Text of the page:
1. S. Abo-El-Enein, G. El-kady, T. El-Sokkary, and M. Gharieb, “Physico-mechanical properties of composite cement pastes containing silica fume and fly ash,” HBRC Journal, vol. 11, no. 1, pp. 7–15, 2015.
  2. A. Alrifai, S. Aggoun, A. Kadri, S. Kenai, and E.-H. Kadri, “Paste and mortar studies on the influence of mix design parameters on autogenous shrinkage of self-compacting concrete,” Construction and Building Materials, vol. 47, pp. 969–976, 2013.
  3. J. L. Amorós, V. Cantavella, J. C. Jarque, and C. Felíu, “Green strength testing of pressed compacts: An analysis of the different methods,” Journal of the European Ceramic Society, vol. 28, no. 4, pp. 701–710, 2008.
  4. A. M. Brandt, . Warsaw, and . Poland, Optimization Methods for Material Design of Cement-Based Composites, vol. , Taylor & Francis, Abingdon, UK, 1998.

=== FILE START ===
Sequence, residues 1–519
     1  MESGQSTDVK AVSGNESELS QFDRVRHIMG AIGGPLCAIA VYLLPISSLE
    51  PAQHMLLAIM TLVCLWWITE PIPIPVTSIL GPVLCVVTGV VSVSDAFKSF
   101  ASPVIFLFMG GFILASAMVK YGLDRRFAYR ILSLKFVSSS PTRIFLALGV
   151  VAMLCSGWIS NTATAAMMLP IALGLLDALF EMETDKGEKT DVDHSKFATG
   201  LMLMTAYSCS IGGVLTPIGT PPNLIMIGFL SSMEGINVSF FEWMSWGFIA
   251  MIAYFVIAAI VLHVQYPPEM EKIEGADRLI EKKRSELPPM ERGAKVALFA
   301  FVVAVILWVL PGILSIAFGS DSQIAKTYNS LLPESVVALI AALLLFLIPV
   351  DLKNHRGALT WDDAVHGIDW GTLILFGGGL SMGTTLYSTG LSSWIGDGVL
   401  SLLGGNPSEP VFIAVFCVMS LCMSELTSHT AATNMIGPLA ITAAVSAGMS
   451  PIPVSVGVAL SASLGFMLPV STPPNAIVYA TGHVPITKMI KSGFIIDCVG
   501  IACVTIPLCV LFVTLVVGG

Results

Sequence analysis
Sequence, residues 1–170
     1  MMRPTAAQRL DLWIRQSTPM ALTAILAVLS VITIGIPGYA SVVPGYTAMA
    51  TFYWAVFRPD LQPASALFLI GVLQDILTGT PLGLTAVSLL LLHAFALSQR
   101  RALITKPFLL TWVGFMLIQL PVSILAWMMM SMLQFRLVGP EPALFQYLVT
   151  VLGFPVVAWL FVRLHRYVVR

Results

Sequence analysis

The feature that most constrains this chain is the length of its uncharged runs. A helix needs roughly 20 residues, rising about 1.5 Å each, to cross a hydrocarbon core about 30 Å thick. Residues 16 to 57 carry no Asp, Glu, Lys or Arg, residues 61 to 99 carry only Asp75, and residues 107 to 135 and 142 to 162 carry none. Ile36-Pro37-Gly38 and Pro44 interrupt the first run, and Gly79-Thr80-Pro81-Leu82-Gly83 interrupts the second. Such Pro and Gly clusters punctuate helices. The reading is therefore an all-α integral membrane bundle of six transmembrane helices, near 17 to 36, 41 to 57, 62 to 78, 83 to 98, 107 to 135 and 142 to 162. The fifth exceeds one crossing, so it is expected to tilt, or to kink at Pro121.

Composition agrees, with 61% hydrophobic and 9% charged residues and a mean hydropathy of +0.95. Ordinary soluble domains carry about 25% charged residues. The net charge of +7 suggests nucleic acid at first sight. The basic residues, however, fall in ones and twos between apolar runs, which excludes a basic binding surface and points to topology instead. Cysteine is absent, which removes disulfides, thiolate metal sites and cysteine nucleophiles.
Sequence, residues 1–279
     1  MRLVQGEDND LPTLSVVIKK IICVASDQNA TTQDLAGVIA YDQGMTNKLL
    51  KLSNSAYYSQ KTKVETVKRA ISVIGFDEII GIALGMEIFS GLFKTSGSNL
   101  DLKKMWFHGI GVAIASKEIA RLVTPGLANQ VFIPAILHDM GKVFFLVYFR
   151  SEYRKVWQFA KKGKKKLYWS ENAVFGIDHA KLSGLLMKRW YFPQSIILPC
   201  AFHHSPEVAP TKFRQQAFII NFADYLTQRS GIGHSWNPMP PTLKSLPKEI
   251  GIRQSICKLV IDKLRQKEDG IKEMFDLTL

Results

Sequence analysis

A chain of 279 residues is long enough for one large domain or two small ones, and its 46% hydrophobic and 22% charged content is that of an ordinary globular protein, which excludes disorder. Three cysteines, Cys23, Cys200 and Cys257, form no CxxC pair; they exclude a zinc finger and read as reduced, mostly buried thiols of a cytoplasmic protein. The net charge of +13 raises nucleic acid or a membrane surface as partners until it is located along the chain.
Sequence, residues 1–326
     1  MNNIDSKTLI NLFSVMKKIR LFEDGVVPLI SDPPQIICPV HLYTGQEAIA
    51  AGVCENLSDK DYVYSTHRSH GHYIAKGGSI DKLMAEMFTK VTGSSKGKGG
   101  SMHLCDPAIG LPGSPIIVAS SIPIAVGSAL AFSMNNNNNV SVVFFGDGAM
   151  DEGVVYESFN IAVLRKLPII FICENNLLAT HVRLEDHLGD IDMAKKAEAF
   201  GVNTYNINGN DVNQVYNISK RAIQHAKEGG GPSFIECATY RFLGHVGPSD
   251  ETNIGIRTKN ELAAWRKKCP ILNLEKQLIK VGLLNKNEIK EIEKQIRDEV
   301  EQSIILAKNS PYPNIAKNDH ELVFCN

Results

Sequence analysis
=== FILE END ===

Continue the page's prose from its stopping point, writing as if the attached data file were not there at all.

5. T. Byron, B. Ivery, and J. Flaherty, Concrete Batch Plant Operator, 2004.
  6. M. Collepradi, Concrete Admixtures Hand Book, Noys Publisher, 2nd edition, 1995.
  7. E. Ghafari, H. Costa, and E. Júlio, “Statistical mixture design approach for eco-efficient UHPC,” Cement and Concrete Composites, vol. 55, pp. 17–25, 2015.
  8. H. Kabir, N. Bakhshi, and A. R. Bagheri, “An Experimental Investigation of Ultra-Fine Aggregate High Strength Concrete (UFAHSC,” in International Conference on Architecture, Structure and Civil Engineering (ICASCE'15, pp. 8–13, 2015.
  9. K. Kovler and N. Roussel, “Properties of fresh and hardened concrete,” Cement and Concrete Research, vol. 41, no. 7, pp. 775–792, 2011.
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Research Article
The Open Access Journal of Science and Technology
Vol. 5 (2017), Article ID 101230, 11 pages
doi:10.11131/2017/101230